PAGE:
Mono-red legendary creatures may have the most open designs in Commander. While red may appear to be linear, it has a ton of potential. There are classic aggressive decks that most players think about, but red also has control, combo, voltron, token, tribal, gimmicks, and even chaos decks. Honestly, red is definitely lacking in some departments – such as scaling creature removal (see the Lightning Bolt Problem) and drawing extra cards. But with artifact support, red has all the bases covered. Even better, red has a lot of natural synergy with artifacts for control, voltron, and combo potential.
But there is one type of deck that red has some of the best potential for that other colors are simply lacking in – the “pressure” deck. The pressure deck isn’t always aimed to win; it tries, of course, but the primary goal is to pressure the table, work towards a critical redundancy of pressure, and then make a move.
Mostly, this plan involves speeding up the clock; many Commander games settle into a slow rhythm while everyone builds up. In StarCraft, for example, a game against the computer often involves turtling up and reaching the max food count, and then moving out and eliminating enemies. Commander is often played in the same way…but it doesn’t have to be this way! You can make early moves and the games can be about half an hour – with everyone still enjoying the game.
There are a few different ways to make a pressure deck; I’m going to talk about two of them.
Grenzo, Havoc Raiser
This deck seeks to use Grenzo, Havoc Raiser to force the table to fight. When I was building Grenzo, I wanted to make use of combat damage triggers because the deck was staying really low to the ground. The curve pretty much ends with five drops, so I needed some stuff like Stigma Lasher and Stromkirk Noble to make the creatures count.
The real pressure hits the table in the mid game. You can try to steal stuff from opponents, but without a lot of mana, those stolen cards are really difficult to cast. However, the Goad mechanic is useful in forcing your opponents to act. Since a Goad creature must attack someone other than you, you can put all the little value creatures into the red zone. Once creatures attack, they’re (usually) tapped and can’t play defense; goading something often allows you to continue to attack for small bits of damage and keep the creatures attacking without fear of retribution. Also, goad restricts your opponents’ strategic decisions – always a good thing.
The key cards in the deck are the early aggressive creatures, extra combat phases, and ways to break through defenses. Since the deck was focused on combat damage triggers, those creatures are vital as well. (I used to joke that the longest part of the turn was assigning combat damage triggers.) Some of the cards were as simple as Erdwal Ripper or Lavacore Elemental which just hit hard or build up damage. I ran several Innistrad 1.0 and 2.0 vampires to build counters after combat; some of the triggers are more utility focused like Skirk Commando and Stigma Lasher. The Commando can be forced through to remove some potential blockers, and the Lasher shuts down lifegain for an entire game. The biggest combat damage trigger creature is Baleful Dragon to try to wipe someone’s board.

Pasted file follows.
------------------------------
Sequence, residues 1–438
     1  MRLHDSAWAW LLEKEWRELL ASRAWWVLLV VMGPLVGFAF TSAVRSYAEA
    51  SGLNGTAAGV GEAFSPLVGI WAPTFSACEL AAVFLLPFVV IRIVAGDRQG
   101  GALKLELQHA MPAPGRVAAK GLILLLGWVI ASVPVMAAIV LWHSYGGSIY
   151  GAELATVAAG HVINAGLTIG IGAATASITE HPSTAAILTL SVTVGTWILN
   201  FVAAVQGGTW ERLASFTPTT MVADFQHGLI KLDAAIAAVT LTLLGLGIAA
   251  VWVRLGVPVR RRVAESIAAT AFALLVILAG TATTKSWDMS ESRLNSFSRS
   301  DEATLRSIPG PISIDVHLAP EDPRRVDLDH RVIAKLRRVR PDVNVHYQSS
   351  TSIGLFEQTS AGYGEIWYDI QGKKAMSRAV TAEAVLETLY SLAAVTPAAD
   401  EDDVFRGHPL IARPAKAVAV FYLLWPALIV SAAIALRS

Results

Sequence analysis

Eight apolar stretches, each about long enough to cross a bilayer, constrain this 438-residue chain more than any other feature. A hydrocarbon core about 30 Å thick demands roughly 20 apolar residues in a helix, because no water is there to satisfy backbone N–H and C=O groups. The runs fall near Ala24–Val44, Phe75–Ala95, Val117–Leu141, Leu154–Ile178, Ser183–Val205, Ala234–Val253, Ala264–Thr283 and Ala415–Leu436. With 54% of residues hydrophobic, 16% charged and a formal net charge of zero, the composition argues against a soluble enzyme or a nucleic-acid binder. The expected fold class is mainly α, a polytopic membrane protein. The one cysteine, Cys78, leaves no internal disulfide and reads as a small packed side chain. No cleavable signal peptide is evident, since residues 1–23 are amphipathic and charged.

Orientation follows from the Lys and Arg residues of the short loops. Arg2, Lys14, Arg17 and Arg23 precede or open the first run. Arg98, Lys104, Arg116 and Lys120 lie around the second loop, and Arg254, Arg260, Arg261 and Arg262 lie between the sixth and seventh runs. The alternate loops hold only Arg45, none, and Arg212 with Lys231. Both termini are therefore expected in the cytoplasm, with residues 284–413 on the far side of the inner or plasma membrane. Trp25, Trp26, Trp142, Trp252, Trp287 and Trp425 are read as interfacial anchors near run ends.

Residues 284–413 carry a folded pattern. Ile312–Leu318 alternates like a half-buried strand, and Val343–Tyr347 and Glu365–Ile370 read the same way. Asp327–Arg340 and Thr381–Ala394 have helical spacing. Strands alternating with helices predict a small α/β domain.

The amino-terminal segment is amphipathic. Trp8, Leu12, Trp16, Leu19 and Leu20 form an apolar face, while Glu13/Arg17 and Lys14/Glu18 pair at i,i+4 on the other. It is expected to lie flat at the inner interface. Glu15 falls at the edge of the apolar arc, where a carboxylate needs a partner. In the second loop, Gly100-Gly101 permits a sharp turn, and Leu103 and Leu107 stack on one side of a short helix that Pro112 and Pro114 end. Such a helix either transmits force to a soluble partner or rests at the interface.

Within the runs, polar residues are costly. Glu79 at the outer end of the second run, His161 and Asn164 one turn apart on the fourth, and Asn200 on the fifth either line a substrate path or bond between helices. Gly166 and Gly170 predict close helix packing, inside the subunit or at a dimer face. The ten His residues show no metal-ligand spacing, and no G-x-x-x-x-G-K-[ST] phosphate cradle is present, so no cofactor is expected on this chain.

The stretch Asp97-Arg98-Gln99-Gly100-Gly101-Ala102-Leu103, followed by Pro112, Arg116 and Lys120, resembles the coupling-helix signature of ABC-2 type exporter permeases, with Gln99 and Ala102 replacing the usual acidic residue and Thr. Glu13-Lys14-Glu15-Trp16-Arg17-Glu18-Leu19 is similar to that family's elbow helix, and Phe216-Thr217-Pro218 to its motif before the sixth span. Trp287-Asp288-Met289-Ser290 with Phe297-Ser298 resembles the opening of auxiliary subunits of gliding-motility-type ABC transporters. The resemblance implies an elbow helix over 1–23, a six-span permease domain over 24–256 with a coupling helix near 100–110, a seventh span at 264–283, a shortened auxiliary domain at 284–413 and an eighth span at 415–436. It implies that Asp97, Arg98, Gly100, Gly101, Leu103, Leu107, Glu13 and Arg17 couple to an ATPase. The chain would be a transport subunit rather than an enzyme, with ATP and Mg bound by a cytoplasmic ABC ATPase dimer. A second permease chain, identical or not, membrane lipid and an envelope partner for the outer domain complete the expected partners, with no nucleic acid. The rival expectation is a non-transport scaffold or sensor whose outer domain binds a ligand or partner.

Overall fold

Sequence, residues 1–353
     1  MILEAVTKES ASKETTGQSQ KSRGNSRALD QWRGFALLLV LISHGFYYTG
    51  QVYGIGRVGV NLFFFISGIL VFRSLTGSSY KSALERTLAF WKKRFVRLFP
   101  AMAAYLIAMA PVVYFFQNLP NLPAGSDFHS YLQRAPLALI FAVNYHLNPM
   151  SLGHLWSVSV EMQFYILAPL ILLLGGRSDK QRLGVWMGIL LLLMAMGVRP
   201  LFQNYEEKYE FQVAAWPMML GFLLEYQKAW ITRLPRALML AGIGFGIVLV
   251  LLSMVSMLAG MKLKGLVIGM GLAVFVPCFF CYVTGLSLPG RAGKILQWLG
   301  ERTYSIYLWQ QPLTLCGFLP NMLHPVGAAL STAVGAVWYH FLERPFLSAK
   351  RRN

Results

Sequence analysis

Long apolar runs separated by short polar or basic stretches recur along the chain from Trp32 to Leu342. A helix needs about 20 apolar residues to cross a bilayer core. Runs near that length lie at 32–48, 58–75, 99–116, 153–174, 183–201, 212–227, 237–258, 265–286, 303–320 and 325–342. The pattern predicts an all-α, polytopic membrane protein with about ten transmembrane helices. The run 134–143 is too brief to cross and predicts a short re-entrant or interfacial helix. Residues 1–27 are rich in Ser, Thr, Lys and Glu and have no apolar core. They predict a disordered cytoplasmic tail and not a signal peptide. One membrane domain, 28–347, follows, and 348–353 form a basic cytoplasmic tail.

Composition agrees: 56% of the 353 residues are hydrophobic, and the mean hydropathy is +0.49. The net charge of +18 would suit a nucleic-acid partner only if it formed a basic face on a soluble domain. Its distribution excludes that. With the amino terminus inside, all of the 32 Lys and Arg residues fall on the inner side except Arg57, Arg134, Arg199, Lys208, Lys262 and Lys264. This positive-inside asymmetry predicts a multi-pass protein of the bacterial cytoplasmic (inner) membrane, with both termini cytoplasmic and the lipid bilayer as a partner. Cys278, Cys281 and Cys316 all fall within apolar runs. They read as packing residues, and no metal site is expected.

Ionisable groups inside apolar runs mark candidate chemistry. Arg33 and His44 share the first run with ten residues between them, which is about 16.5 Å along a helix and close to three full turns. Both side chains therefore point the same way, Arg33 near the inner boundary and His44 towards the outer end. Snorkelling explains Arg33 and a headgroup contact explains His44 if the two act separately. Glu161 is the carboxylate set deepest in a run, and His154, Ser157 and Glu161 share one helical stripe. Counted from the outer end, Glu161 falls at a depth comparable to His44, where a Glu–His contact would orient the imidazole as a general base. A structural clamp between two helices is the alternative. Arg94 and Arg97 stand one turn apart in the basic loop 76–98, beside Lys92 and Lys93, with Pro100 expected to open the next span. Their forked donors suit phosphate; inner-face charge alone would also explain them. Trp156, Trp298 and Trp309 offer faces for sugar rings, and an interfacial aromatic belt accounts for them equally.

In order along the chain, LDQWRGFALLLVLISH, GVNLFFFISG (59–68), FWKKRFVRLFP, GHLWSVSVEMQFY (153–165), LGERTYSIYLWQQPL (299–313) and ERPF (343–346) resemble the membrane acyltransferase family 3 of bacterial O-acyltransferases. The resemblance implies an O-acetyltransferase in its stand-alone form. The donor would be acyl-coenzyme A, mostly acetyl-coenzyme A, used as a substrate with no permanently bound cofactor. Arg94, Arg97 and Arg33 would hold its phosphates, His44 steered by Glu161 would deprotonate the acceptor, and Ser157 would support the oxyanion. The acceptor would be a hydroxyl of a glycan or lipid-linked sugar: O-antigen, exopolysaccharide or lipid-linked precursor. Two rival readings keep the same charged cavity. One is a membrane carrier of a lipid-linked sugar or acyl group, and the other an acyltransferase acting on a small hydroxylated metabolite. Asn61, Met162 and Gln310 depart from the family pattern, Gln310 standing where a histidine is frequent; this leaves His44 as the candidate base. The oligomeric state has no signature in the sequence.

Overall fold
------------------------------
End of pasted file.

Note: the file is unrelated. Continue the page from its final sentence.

After combat damage triggers, I still needed ways to force the creatures through defenses. Cards like Goblin Tunnelers and Break Through the Line support the game plan to hit opponents with some early creatures and steal stuff. Break Through the Line was my favorite card to find if I was mana flooded. Everything important (Grenzo at a minimum) was getting past blockers. I dabbled with some horsemanship cards too; Lu Bu, Master at Arms is a hasty unblockable badass, but the other horsemanship creatures also provide more unblockable creatures so that Grenzo can trigger. Further supporting this are cards like Pyreheart Wolf, who gives the whole team Menace.
Finally, there are the double-strike and extra combat damage cards – and haste. Connecting is important, so haste is important. The double-strike cards enable Grenzo to trigger twice per creature connecting; you can Goad and steal stuff or try to mill a player out (admittedly highly unlikely) or Goad their entire board and watch the fireworks. The extra combat phases serve the same purpose; the deck needs triggers to feed Grenzo’s havoc.
But creature based damage isn’t the only way to make a pressure deck.
Zo-Zu the Punisher
I built a different deck to pressure tables to action, helmed by Zo-Zu the Punisher. Zo-Zu is really fun to say (Liz says it like a cheer and usually while booping you for damage) and is essentially a global landfall trigger. He comes down early and starts dealing everyone two damage for each land that enters the battlefield under their control. (Note: this is a global effect; he doesn’t care who has lands…he just doesn’t like them.)